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Seminars, conferences and online resources on psychotherapy and human relationships
Intergenerational Trauma
Recognising and healing cycles of ancestral pain

Monday evenings 4 November - 16 December 2013

Monday 4 November 2013
Dr Clara Mucci

An attachment perspective on intergenerational trauma
From early relational trauma to abuse and neglect, to massive social wounds such as war and genocide, the most recent psychoanalytic theories of trauma highlight the relevance of attachment on one side and intergenerational transmission of trauma on the other. In this presentation will consider how trauma might be conveyed from generation to generation through the attachment relationship, resulting in a distorted sense of self and other and a predictable script of victim and persecutor. In order to reduce the sense of hidden threat, reparatory connections first need to be established in the therapeutic relationship. These in turn, interrupt the chain of repetition of the traumatic identifications. Ultimately, creativity, social reconnection, and possibly forgiveness between self and other, can be envisioned and experienced.

Monday 11 November 2013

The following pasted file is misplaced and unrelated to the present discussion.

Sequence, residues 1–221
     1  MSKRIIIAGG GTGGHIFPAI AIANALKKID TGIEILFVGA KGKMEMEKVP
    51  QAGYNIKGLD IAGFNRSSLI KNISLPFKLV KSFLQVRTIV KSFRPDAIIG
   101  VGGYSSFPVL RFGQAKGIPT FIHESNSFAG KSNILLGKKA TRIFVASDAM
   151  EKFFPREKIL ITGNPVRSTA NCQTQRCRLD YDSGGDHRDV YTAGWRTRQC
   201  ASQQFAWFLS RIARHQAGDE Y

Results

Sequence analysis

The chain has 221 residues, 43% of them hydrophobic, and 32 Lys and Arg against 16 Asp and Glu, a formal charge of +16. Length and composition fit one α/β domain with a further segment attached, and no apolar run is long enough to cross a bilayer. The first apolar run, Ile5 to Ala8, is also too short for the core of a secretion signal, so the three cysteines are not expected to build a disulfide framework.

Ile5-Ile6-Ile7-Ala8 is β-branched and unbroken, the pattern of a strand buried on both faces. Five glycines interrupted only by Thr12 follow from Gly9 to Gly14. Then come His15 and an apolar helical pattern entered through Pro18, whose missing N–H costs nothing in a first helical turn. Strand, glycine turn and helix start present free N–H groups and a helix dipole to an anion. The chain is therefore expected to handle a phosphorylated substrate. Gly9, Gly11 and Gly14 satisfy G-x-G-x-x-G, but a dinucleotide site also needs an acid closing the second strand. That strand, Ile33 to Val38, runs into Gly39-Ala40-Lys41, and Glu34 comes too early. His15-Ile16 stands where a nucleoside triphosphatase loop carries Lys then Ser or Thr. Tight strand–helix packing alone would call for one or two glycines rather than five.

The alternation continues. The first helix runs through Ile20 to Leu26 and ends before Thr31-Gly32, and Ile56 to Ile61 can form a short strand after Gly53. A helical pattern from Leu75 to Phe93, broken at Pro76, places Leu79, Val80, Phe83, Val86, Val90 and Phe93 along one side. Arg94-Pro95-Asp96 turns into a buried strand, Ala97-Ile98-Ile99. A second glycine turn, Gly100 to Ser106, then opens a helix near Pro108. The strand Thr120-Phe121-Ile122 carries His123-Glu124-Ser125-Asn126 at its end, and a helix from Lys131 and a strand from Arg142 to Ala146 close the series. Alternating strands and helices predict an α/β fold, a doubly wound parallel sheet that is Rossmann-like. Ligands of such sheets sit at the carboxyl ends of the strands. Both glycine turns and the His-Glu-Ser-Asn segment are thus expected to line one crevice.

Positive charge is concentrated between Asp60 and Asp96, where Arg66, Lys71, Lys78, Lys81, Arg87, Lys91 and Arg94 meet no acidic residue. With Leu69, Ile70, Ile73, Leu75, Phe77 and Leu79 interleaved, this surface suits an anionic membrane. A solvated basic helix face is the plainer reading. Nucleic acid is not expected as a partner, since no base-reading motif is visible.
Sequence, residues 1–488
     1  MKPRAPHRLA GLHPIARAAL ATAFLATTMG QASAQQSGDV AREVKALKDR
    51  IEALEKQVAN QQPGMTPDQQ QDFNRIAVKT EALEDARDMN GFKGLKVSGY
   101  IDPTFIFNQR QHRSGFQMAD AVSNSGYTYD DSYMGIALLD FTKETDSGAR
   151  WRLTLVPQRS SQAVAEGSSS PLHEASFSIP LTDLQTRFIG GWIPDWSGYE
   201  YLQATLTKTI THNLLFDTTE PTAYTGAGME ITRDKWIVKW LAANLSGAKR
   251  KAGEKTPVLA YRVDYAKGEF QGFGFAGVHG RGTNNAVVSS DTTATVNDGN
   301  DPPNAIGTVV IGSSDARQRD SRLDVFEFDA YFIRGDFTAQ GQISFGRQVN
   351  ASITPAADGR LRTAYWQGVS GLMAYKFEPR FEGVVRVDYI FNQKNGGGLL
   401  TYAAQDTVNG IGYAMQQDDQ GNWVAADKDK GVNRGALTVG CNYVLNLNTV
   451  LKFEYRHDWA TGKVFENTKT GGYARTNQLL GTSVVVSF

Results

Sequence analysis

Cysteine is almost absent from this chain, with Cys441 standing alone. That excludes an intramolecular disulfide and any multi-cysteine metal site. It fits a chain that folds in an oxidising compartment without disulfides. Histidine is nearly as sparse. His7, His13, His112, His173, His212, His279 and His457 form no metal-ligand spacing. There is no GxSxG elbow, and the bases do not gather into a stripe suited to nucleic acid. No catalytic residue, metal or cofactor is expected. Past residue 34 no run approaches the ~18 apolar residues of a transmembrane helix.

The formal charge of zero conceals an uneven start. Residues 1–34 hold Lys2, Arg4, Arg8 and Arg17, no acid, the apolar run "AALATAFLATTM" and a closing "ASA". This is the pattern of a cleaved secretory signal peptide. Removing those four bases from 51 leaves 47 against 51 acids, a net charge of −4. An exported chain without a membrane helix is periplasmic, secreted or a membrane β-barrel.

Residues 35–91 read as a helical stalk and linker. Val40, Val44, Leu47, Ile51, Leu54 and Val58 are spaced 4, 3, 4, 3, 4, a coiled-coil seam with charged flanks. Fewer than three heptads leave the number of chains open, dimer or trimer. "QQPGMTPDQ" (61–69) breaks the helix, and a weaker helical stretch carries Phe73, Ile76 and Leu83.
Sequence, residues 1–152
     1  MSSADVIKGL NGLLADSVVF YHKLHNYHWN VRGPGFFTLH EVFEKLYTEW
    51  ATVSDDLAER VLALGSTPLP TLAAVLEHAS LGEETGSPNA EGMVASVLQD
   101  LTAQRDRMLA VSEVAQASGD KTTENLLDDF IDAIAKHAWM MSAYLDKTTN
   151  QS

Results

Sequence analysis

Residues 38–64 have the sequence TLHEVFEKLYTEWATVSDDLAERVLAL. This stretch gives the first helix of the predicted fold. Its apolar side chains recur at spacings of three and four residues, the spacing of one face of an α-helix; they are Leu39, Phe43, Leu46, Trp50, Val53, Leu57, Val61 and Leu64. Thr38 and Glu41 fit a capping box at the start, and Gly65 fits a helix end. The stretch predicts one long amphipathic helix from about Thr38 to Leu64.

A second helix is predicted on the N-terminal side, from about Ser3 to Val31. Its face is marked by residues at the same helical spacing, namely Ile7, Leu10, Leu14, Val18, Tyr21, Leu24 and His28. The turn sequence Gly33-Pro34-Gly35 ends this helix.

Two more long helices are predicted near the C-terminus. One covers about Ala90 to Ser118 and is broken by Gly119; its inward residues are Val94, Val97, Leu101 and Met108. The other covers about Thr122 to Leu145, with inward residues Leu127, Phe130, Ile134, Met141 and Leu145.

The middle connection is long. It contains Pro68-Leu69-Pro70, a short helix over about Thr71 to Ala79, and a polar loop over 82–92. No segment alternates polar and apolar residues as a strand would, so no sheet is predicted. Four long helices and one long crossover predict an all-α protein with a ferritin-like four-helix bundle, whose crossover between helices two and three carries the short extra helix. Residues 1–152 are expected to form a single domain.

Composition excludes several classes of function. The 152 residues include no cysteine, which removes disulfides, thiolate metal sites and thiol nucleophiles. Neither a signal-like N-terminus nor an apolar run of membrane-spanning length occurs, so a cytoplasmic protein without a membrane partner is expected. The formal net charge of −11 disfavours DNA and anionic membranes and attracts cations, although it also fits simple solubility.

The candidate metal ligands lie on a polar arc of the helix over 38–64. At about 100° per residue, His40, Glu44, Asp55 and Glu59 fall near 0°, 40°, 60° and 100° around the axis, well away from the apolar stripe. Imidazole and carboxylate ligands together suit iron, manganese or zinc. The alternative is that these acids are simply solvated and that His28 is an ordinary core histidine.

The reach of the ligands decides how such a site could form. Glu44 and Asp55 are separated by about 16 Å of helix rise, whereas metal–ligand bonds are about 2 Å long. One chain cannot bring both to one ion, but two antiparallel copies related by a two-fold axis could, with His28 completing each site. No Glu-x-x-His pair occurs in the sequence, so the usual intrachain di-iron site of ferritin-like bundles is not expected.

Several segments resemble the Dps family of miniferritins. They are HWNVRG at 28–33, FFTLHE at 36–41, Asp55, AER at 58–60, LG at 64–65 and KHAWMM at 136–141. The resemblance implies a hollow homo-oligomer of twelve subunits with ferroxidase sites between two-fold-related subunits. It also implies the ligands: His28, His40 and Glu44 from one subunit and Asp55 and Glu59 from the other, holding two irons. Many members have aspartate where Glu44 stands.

Gabrielle Rifkind

When the political process is traumatised by the experiences of past generations?
Trauma can be likened to an unhealed wound a rupturing of the skin a psychic state when it is difficult to think about the other . The pain of the traumatic wound reduces the capacity for empathy and increases the desire for retribution and to make the other side suffer. This state of mind is equally relevant to the individual as it is to the political process and can shape the climate for peacemaking. In these circumstances can a psychodynamic understanding of the ancestral suffering of the individuals both in the past and in the present make a contribution to the resolution of conflict? And can the understanding of human behavior be put together with realpolitiks and the smell of politics?

Monday 18 November 2013
Professor Franz Ruppert

Symbiotic trauma - the key concept to understanding how trauma gets transferred form one generation to the next
Experiences of trauma are overwhelming, life threatening and painful. They lead to splits in the human psyche by which these intolerable feelings are suppressed in a range of survival strategies. In the process of bonding it is impossible for a mother or father to avoid passing on something of their own traumatic experiences to their children. Even when parents try to hide and neglect their own traumas, their children will sense these due to an unbearable lack of safe emotional contact with their parents. This normally ends up in the children suffering from their own sort of trauma - "symbiotic trauma"- in which the child both suffers from and identifies with the split-off traumatised feelings of their parents. An understanding of symbiotic trauma is the therapeutic key to stop this ongoing process of transferring trauma from one generation to the next.

Monday 25 November 2013
Judit Szekacs-Weisz

Intergenerational trauma : The experience of emigration